Faculty of Law, University of Cambridge

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Cambridge University has the largest law school in Britain, with 800 undergraduates and 200 postgraduate students. Combining its own sense of tradition with a forward-looking commitment to change, the Faculty of Law required a new building that would provide state-of-the-art facilities for teaching and research, comprising the Squire Law Library, five auditoriums, seminar rooms, common rooms and administrative offices.

Located at the heart of the University’s Sidgwick site, the focus of humanities education at Cambridge, the building is surrounded by lawns and mature trees. This low density, green garden context is the essence of Cambridge. The challenge was to preserve this natural setting and to minimise the building’s apparent size. The response was to create a rectangular plan cut on the diagonal to follow the geometry of the neighbouring History Faculty and pedestrian routes across the site. The building has a relatively small footprint, yet provides 8,500 square metres of accommodation without exceeding four storeys. This was achieved by digging the auditoria below ground, while the curving glass of the north facade helps the building to recede visually.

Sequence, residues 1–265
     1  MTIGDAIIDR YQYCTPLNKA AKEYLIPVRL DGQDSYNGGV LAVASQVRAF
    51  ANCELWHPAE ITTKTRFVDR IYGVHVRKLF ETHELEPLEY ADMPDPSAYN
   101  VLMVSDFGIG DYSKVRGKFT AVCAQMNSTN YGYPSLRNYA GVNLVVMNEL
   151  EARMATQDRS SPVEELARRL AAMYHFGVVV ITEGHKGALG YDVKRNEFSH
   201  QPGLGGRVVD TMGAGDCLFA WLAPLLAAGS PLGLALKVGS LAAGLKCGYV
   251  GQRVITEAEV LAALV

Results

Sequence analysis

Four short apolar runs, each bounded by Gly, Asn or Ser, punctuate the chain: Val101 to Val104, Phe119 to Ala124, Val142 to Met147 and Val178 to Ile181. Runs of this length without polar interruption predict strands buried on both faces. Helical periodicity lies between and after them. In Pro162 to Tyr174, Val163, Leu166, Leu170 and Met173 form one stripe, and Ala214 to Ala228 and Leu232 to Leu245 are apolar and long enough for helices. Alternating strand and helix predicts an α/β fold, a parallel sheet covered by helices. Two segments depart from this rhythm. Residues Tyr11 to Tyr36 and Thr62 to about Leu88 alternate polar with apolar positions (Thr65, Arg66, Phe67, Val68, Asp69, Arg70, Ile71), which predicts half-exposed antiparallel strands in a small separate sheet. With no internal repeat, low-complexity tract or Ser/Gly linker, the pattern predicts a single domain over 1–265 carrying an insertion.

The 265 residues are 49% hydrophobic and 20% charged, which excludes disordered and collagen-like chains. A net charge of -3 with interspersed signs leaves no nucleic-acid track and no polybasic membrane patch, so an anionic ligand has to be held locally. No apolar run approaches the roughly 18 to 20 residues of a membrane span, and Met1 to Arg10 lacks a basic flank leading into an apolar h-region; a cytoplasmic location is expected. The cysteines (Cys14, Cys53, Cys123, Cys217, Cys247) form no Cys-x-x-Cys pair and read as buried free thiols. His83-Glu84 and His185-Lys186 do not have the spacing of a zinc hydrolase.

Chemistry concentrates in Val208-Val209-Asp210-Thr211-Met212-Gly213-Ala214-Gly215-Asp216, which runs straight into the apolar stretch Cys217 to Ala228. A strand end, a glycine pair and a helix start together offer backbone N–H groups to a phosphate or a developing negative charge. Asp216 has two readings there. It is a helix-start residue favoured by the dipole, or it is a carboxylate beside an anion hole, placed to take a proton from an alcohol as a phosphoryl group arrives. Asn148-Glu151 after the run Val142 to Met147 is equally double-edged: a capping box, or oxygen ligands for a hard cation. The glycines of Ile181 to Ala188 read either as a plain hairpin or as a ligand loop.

The Faculty of Law building has also set new standards for energy efficiency on the Cambridge campus, deploying a number of passive and active strategies. Natural lighting is used to dramatic effect, especially in the library, which occupies the upper three terraced floors and enjoys uninterrupted views of the gardens, while the full-height atrium that forms the focus of the building draws daylight into the lower levels. The building’s partially buried structure and exposed concrete frame combine to give it high thermal mass, making it slow to respond to outside temperature changes. Together with high insulation values, this allows the use of mechanically assisted natural ventilation throughout − only the lecture theatres require seasonal cooling. A lighting management system reduces energy consumption, while heat recovery coils, linked to the air extract, reclaim waste heat. Interestingly, the building’s environmental performance was put to the test during its first summer, one of the hottest on record. Happily, it performed very well.

Marvellous, I would think, for growing tomatoes.

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